What were your personal experiences with Boba carriers like?  Comment and let us know!

Monday, May 13, 2013

Woven Wraps 101

Most new parents have heard of a Moby. (Perhaps you even received one at your baby shower.)  For those who haven't, the Moby is a stretchy wrap.  It's made of one long piece of stretchy material that parents can wrap around themselves to wear their babies on their chest.  

Maybe you love your Moby and that's great!  But if you find yourself thinking you need more support or would like to try a back carry, the woven wrap is the way to go.  Unlike the Sleepy/Boba wrap and Moby, woven wraps are not stretchy.  We do not recommend using either of these stretchy wraps to do back carries.  Here is a video that showcases why:

Admittedly, woven wraps come with a bit of a learning curve.  You have to learn to guide the fabric around you while holding your baby, and because of the lack of stretch, you also have to learn how to tighten properly.  BUT once you have it down, it is more than worth it, and you have to admit, woven wraps come in way prettier designs than most stretchy wraps!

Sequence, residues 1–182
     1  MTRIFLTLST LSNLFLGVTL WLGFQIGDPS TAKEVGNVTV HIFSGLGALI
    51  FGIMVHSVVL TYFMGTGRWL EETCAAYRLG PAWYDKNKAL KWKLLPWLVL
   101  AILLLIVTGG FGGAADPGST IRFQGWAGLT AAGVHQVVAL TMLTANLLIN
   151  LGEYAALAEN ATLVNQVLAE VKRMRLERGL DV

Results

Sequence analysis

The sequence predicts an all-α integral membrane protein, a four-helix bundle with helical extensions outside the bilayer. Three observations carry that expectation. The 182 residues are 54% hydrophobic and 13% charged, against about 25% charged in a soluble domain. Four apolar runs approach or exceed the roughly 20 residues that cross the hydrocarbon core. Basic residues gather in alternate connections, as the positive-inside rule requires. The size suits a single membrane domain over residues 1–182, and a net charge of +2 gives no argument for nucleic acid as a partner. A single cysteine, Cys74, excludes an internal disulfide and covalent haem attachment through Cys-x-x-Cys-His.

Woven Wrap Sizing 
Woven wraps come in many different sizes, the most used ones being 2 -7.  The brand Didymos is generally considered to be the standard of woven wraps.  With the vast majority of woven wrap companies being European, wraps are measured in meters.  This is Didymos' sizing:
  • Size 2: 2.7 meters
  • Size 3: 3.2 meters
  • Size 4: 3.7 meters
  • Size 5: 4.2 meters
  • Size 6: 4.6 meters
  • Size 7: 5.2 meters
While other brands may vary slightly, this is a good start for figuring out what size wrap you need.  Different sizes correlate with different carries.  For example, a Rebozo carry is a one-layer carry done with a shorty (short wrap).  A Poppins Hip Carry uses a medium-length wrap, while a Double Hammock, which has two layers and a chest pass, uses a long wrap.  There are literally dozens of carries (and variations) you can do with a woven wrap!    

So which size should you get?  It depends on which carries you would like to do.  Many people start of with a longer wrap, such as a 6, perhaps because you can use the same carries that you learned with a Moby.  Some might prefer a short wrap for quicker carries.    Wrap Your Baby has an excellent guide about various sizes and carriers, while TheBabywearer.com has a very comprehensive chart.

Brands and Blends
Marcia S's stack of Didymos Indios
includes various blends.